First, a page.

In addition, P. hindustanicus (subgenus Adlerius) may be a probable vector in AJ and K where female infected with L. infantum has been found. Other species of Adlerius may also remain as suspected vectors (Killick- Kendrick, 1993). Isolates of Leishmania f r om VL patients in AJ and K have been typed as L. infantum (Rab et al., 1989, 1992; Rab and Evans, 1995). The recent demonstration of leishmanial amastigotes in the skin of children with VL raises the possibility that the disease in some places may be anthroponotic visceral leishmaniasis (AVL) caused by L. infantum.

There is good evidence that dogs are reservoirs of L. infantum in Pakistan. The role of domesticated dogs in the epidemiology of VL in the northern areas (Chilas, Bagh), NWFP and AJ and K (Poonch, Muzaffarabad) was studied by Rab et al. (1995) and out of 244 dogs examined serologically, 44% were found harboring anti-Leishmania antibodies though they were also showing clinical signs of spleenomegaly, hepatomegaly, cutaneous ulcerations and older dogs showed higher prevalence of anti bodies. 10% of infected dogs were showing no clinical symptoms. Parasites isolated from dogs in these foci were identified as L. (L.) infantum by isoenzyme characterization. Therefore, the role of dogs as the reservoir of VL in these endemic foci in northern areas of Pakistan, AJK and NWFP areas were conformed.

Cutaneous leishmaniasis: CL is wide spread in Pakistan (see Map-1). The disease is currently more prevalent in Balochistan, Khyber Pakhtoon Khuwah, Punjab and Sindh Provinces. Aslamkhan and Rafique (1980) conducted a preliminary survey for CL from October 21 to 29, 1979 and observed that CL was rare in Quetta, Balochistan. From Sibi District Hospital records, a prevalence of 4.9% was calculated. CL was found endemic in Lehri, Sangsela, Dera Bugti, Kahan, Kohlu, Mewand, Gumbz, Bibertak and Barkhan. Jan (1984) recorded 100 patients with provisional diagnosis of CL. Out of it, 45 were Afghan refugees, 20 from Lasbella, 8 from Lehri, 12 from Kohlu and 15 from

Duki; 75% cases were children under 14 years of age. The disease was found to be more prevalent in males. Most of the patients had more than one lesion. Rab et al. (1986) examined 418 school children of 5 to 15 years of age in Uthal, Lasbella, Balochistan. Five (1.1%) had active lesions and 111 (26.5%) had scars resulting from past infection of CL. Ahmad (1988) discussed CL-cases from southern Balochistan and its relationship as a zoonosis. In the same year, Ghazi and Ali (1988) collected information about CL from Uthal, based on the examination of wet weeping sores of patients. Iqbal (1998) reported 50 confirmed cases in Army soldiers, with CL lesions during a survey carried out during 1995-1996 by a joint team of Armed Forces Medical College and Defense Science and Technology Organization in Balochistan Province. Kakarsulemankhel (2002) confirmed two types of CL viz., zoonotic CL (ZCL) and anthroponotic CL (ACL) found to prevail in Balochistan (Khan and Muneeb, 2005).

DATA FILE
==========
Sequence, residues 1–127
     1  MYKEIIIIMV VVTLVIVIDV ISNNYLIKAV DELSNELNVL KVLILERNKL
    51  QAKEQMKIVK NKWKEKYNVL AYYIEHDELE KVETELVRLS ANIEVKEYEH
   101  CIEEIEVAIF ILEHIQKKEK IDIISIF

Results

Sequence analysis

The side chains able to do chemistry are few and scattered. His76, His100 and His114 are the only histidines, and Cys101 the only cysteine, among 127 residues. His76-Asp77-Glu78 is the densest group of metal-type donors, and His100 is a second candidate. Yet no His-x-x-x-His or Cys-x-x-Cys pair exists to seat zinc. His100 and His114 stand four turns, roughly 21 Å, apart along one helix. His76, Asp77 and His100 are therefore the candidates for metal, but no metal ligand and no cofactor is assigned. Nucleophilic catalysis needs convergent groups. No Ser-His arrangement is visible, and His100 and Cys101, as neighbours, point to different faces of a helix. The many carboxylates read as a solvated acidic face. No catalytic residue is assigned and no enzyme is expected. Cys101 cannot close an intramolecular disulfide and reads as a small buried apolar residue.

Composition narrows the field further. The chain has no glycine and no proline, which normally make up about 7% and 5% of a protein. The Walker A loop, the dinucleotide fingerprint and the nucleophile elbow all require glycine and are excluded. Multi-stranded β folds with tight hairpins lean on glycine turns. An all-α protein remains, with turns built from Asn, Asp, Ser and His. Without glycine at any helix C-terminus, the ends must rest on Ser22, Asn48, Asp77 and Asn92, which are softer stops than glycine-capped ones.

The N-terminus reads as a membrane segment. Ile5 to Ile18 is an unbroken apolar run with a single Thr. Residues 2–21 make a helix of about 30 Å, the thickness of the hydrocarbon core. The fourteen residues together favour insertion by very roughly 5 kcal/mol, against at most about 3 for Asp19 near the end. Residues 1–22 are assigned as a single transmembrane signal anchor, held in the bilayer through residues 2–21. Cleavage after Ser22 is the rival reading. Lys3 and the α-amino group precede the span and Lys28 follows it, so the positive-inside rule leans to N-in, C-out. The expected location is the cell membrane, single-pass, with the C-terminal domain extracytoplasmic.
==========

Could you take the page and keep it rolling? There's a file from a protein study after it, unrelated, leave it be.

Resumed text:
Kakarsulemankhel (2004a), while surveying prevalence of CL in Balochistan Province, in 1996-2001, confirmed incidence of CL in eight previously reported (old) foci of CL and 31 new foci were also recorded. Out of 15847, 50.5% subjects were found having active CL-lesions and 47.5% were observed with scars resulting from past infections of CL. Further, children of the age group of 5-10 years were found to be more infected (45.6%). Imran et al.(2008) studied patterns of CL cases among troops and their families in Sibi. Out of 293 patients 96.6% were male patients and 3.4% were females. Number of lesions ranged from 1-4. Majority of lesions was wet type but dry lesions were also seen.

Rowland et al. (1999) studied CL cases in an Afghan refugee settlement at Timargara, in NWFP and suggested that CL due to Leishmania tropica appears to be an emerging disease. Hamid and Ali (2002), while studying CL in Waziristan agency, observed 57 cases of CL out of 1370 persons interviewed. Infection ratio of male to female was 3:1. Rahim et al. (2003) reported an outbreak of CL in a village of district Dir. In the same year, Rahman et al. (2003) observed 58 patients of CL amongst army troops and civilian employee working with them, all posted in Kohat. Officers and all other ranks were included. Lesions were 1-2 cm in diameter and were multiple in three quarters of cases. Incubation period was 5-7 months. Epidemiology of CL in Pakistani border areas with Afghanistan was studied by Brooker et al. (2004). In the same year, Kolaczinski et al. (2004) surveyed 16 Afghan refugee camps during November and December 1998 in NWF Province.

Prevalence of active lesions and scars amongst the population was 2.7 and 2.4%, respectively. It was observed that risk of active ACL was associated with age but not gender. Khan (2005) studied frequency of CL in patients admitted in Hospitals in Peshawar during January 2002- May 2002 and reported that out CL was an emerging health problem of the country. Out of 167 male patients, 16 were confirmed cases of CL. Out-of 139 female admitted patients six were confirmed cases of CL.

The disease rapidly spread to the central and south parts of the Punjab Province, where it is endemic. Malik et al. (1973) studied 2500 cases of CL reported in the out-door department of Nashtar Hospital, Multan. Scrapping methods yielded leishman-donovan (LD) bodies.

Mujtaba and Khalid (1998) studied 305 cases of CL in the Nishtar Medical College Multan during 1995-1997. They observed only dry type of lesions in the patients. They suspected L. tropica in the region. Later, Ayub et al. (2001) reported 173 cases of CL from Multan. Ayub et al. (2003) also reported 30 confirmed cases of CL presenting in Dermatology OPD of Nishtar Hospital, Multan from December 1999 to March 2000. All thirty patients were from the inner old city: 86% of the patients were children and young adults in 11-20 years of age groups (range 6-35 years). The disease was more common in males (77%) as compared to females.